• Vinny

    Happy Holy Days!

  • TERRY

    Today we celebrate the unthinkable.

  • douglas kraeger

    I believe one other aspect of this unfathomable mystery is that Jesus was the perfect incarnation, embodiment of the Fourth Commandment as He related to Joseph and Mary and thereby perfectly revealed one part of God’s eternal, changeless, always in the present tense, Divine Will and therefore we can know with an absolute certitude of Faith that that is still God’s eternal, changeless Divine Will. Think what this means in it’s application. We Catholics pray to God through Mary and we try to honor Her as our mother. Jesus does it perfectly because all times are present to God in their immediacy (CCC 600). But, two thousand years ago, both Jesus and Mary perfectly honored Joseph as the head of the family and both offered their prayers to God through Joseph. Joseph, praying as the head of the family with supreme humility, resolutely united His prayer with the prayer of Jesus, whom he believed was the Son of God and therefore of the same exact, infinite nature as God the Father. Jesus would then be praying through and with Joseph the one, single, eternal, infinite, always in the present tense prayer that Jesus offered as He suffered and died for all sinners on the cross in union with the prayer of Mary at the foot of the Cross. The CCC at 2741 says, “Jesus also prays for us – in our place and on our behalf. All our petitions were gathered up, once for all, in his cry on the Cross and, in his Resurrection, heard by the Father. This is why he never ceases to intercede for us with the Father.32 If our prayer is resolutely united with that of Jesus, in trust and boldness as children, we obtain all that we ask in his name, even more than any particular thing: the Holy Spirit himself, who contains all gifts”. When we resolutely unite our prayer with the prayer of Jesus, we ask Him to pray His prayer for us and everyone else, all sinners, this present time request is seen by God in the present with all the prayers of everyone, including Joseph and Mary, and we can consciously join with Jesus as He eternally hears all their prayers in the present tense and is subject to their prayers. Does this not seem unfathomable, yet, unassailable? Is this a possible explanation of why Mary at Fatima, on Aug. 19 and Sept 13, 1917 promised that Joseph and the Child Jesus would come on Oct. 13, 1917 to bring peace to the world? That God so honors St. Joseph with such obedience? Any objections?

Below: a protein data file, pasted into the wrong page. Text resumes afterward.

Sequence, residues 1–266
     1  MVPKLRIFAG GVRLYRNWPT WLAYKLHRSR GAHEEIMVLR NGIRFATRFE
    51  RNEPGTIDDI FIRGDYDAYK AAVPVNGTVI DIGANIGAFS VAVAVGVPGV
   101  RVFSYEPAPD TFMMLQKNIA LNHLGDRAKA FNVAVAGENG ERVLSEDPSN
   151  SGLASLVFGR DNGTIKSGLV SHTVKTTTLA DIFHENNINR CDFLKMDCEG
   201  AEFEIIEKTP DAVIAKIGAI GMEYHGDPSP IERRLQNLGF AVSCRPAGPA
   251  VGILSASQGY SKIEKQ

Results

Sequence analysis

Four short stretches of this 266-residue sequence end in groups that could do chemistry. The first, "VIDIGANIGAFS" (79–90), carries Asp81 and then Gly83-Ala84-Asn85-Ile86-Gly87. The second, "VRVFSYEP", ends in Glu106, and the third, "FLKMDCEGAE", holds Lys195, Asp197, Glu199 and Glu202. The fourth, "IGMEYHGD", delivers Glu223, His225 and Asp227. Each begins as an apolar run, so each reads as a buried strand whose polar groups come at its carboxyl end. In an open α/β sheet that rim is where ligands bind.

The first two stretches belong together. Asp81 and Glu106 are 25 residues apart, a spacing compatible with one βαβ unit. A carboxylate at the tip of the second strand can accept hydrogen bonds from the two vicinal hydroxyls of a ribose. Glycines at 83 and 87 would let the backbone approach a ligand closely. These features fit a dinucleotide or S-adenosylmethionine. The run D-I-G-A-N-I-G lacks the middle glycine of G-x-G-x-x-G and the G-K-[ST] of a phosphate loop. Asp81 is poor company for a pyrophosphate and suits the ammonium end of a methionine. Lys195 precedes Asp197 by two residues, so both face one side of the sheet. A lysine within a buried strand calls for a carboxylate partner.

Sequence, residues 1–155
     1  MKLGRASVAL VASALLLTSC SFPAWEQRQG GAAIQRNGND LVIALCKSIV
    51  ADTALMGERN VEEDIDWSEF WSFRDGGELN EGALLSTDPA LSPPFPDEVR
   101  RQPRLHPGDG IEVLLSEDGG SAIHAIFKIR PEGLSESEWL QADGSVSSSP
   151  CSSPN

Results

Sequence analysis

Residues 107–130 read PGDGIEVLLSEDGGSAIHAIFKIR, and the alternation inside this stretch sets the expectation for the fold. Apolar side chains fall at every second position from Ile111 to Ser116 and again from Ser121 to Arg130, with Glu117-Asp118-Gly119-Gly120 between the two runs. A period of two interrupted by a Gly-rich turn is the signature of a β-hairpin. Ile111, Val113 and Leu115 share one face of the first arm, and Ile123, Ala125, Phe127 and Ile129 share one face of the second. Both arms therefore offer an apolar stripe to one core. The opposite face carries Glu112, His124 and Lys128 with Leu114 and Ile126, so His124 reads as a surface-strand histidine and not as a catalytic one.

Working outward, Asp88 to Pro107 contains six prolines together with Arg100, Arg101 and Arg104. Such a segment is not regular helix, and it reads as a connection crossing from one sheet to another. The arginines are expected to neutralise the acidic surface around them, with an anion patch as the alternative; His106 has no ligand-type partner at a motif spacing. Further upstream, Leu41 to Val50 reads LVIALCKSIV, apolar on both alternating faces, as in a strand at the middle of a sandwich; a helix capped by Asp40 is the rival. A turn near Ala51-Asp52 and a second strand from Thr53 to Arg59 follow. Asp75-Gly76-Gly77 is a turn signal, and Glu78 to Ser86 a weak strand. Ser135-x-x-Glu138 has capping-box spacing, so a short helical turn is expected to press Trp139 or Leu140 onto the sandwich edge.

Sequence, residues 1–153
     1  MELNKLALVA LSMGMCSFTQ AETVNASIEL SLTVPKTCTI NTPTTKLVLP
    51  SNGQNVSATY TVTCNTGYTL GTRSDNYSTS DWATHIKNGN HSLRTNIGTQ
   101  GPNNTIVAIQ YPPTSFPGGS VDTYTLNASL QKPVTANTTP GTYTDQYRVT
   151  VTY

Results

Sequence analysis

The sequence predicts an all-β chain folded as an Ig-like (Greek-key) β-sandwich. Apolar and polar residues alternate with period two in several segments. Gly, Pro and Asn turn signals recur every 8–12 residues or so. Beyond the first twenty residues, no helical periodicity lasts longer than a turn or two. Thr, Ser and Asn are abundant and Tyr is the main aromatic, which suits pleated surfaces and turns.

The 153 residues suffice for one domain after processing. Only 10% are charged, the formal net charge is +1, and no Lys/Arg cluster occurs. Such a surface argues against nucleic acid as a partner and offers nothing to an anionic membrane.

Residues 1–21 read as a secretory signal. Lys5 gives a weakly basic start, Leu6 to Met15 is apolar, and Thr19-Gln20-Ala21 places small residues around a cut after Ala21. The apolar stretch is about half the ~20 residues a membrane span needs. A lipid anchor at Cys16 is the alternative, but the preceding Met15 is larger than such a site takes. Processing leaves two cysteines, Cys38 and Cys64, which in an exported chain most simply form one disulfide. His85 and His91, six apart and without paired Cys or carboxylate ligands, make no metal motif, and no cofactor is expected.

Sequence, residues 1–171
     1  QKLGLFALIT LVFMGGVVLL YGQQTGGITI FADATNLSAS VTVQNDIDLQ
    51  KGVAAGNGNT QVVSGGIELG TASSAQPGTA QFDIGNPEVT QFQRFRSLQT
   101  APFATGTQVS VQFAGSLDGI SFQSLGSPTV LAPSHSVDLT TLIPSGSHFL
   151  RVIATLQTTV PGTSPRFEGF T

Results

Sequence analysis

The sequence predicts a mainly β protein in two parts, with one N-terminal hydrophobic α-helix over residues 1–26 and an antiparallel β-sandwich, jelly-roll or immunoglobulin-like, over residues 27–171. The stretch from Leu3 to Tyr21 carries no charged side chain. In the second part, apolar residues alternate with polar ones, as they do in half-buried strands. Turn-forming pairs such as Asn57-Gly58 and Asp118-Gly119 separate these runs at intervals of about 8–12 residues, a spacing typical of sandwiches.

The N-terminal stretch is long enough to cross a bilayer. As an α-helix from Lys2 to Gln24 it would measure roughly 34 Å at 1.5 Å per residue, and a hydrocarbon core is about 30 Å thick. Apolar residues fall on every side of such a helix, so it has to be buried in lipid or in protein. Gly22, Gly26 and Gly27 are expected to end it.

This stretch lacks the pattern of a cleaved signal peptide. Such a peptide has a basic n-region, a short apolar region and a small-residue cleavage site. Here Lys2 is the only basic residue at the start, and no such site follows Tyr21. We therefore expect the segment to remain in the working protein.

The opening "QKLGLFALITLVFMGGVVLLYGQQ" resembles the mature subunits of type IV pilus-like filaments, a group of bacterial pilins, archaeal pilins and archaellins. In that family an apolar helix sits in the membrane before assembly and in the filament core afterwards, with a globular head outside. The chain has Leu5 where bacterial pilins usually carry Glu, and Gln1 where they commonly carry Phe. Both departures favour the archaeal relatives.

MENU